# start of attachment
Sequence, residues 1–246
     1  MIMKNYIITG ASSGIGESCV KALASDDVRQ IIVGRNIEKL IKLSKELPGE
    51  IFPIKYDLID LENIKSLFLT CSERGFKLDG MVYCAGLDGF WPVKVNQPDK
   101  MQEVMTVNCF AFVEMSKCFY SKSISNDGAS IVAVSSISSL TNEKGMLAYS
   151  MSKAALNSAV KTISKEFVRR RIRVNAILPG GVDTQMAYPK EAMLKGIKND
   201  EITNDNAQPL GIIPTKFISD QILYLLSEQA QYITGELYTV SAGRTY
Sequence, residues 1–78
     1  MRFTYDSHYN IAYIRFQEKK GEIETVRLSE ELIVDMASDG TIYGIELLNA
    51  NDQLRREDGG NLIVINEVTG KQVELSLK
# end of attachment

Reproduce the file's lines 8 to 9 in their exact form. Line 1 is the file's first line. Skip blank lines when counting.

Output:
     1  MRFTYDSHYN IAYIRFQEKK GEIETVRLSE ELIVDMASDG TIYGIELLNA
    51  NDQLRREDGG NLIVINEVTG KQVELSLK